WASHINGTON — Students and some teachers may not like Maryland’s PARCC exams — those standardized tests that are supposed to measure college and career readiness — but Gov. Larry Hogan really dislikes like them.
“We never want to see another one of these PARCC exams — ever,” he told reporters Tuesday.
Hogan said the tests won’t be given after next year, and that the Maryland State Department of Education is working on new standardized tests that would be administered in the 2020-2021 academic year.
With Dr. Karen Salmon, the state superintendent of schools, standing next to him at Tuesday’s news conference, Hogan said of the board, “They’re developing a new Maryland-centered plan right now.”
State Del. Eric Leudtke, a former Montgomery County school teacher and currently an adjunct professor at the University of Maryland, said of the change: “It’s a good thing that we continue to improve the tests, but the reality remains: We are required by federal law to have these type of standardized tests.”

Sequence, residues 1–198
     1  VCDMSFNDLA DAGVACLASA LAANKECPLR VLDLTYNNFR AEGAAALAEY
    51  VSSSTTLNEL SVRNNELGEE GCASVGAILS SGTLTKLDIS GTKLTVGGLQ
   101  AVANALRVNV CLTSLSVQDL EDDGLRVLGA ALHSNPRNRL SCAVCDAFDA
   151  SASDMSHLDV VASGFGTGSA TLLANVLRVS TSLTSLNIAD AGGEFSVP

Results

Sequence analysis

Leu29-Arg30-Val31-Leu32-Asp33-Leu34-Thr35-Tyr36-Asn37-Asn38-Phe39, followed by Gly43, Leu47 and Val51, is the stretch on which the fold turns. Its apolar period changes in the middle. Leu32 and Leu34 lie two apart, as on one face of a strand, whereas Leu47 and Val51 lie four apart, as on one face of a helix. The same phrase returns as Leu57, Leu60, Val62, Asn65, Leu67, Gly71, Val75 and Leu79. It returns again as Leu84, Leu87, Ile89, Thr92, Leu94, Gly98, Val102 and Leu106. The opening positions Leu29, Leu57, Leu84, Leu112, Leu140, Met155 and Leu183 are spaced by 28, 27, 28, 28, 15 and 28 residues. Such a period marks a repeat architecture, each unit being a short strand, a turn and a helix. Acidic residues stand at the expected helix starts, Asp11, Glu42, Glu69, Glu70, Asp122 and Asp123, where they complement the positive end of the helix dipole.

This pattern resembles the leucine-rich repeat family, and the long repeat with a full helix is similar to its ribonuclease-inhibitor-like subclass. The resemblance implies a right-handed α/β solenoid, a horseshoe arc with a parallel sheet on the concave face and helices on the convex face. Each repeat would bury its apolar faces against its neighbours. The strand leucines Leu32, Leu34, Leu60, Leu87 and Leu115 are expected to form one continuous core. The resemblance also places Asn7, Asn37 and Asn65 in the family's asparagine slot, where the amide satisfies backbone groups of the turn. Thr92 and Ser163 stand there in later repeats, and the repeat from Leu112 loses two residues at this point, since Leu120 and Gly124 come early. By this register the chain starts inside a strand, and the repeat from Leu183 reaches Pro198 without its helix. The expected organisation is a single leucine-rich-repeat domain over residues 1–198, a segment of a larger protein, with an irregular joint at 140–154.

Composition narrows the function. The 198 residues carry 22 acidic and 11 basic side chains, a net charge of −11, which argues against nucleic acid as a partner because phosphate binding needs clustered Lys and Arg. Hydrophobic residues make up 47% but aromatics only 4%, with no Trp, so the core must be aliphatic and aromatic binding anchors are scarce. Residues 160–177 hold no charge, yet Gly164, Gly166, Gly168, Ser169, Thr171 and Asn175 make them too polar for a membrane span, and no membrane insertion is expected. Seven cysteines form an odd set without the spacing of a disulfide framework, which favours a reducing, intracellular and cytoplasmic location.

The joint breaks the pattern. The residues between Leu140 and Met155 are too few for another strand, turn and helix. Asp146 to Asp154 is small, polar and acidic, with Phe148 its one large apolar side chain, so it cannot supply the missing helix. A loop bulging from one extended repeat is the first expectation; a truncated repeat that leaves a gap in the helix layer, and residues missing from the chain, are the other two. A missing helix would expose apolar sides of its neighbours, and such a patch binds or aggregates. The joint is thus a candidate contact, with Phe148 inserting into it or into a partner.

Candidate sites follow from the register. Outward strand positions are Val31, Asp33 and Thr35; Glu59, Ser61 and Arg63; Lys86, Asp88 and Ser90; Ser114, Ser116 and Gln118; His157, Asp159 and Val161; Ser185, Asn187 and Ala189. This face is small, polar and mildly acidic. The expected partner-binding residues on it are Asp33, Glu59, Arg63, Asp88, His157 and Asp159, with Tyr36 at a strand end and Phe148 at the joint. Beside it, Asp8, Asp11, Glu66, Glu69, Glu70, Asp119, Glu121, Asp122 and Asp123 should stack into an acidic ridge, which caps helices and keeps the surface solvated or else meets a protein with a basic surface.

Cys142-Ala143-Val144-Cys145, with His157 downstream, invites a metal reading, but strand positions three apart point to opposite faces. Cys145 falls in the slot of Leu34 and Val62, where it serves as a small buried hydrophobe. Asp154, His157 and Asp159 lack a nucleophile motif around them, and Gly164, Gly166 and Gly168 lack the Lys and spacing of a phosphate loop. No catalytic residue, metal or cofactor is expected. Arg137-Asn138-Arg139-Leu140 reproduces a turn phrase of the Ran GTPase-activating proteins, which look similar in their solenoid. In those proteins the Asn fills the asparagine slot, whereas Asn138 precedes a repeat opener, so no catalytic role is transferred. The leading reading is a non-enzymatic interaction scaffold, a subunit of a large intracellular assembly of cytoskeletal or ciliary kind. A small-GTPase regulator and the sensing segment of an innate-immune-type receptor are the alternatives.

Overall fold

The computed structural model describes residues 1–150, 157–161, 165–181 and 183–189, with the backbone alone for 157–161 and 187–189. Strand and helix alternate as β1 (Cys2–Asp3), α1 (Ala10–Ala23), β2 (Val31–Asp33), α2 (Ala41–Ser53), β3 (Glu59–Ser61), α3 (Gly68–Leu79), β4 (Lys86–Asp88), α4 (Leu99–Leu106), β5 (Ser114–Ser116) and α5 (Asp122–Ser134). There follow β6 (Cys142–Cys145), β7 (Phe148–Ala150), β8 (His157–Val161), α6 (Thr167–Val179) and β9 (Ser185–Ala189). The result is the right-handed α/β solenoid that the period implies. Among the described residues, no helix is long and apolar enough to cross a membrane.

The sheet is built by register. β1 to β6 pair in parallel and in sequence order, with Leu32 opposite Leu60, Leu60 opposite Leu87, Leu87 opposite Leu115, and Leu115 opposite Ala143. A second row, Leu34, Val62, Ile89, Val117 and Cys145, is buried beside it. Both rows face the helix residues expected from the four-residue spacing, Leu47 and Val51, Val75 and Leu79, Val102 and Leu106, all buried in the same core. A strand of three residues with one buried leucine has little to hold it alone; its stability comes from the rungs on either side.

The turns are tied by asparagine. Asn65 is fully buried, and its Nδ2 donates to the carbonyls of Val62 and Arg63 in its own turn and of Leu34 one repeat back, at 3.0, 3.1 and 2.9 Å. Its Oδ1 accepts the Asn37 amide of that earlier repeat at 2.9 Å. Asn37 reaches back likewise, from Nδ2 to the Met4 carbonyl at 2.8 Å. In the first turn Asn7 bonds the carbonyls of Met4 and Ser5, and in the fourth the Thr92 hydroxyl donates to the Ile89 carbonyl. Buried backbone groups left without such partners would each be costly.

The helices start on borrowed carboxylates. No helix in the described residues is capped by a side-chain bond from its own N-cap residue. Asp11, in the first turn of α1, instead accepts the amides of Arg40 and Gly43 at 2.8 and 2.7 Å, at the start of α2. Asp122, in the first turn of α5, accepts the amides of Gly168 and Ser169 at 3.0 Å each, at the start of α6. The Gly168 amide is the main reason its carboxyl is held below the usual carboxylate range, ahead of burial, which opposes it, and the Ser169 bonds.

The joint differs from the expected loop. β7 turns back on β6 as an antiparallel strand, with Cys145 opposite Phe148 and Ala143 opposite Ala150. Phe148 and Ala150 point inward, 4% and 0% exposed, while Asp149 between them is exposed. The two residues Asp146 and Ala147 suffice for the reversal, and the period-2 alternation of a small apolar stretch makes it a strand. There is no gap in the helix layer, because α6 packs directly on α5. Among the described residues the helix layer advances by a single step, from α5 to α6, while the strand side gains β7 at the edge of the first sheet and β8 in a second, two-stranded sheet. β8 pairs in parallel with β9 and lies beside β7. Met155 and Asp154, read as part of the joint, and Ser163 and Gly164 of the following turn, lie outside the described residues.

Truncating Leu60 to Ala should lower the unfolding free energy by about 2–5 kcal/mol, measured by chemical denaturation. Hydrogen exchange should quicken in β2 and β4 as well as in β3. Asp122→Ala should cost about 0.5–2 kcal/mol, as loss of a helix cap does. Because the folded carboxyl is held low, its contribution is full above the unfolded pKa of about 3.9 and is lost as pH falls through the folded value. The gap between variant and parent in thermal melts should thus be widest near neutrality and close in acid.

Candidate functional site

Leudtke added that he looks forward to seeing what tests are being developed. “Hopefully, they’re a step forward,” he said.
The latest results from the PARCC tests showed that among students in third to eighth grades, only 31 percent passed the math test and just 41 percent passed the English exam.
A number of states have abandoned the PARCC exams, which are administered on computers, although a pencil and paper exam has been made available to schools without the technology to allow for computerized testing.
But, Maryland will administer the PARCC tests one last time, in the 2019-2020 school year, before administering its own exams, now currently being drafted.
On the same day that the most recent PARCC scores were released, the state board met to discuss the work being done, with a summary of bullet points that outlined what will change and what will remain. The new tests will be shorter in duration than the PARCC exams, but the state standards will remain the same.
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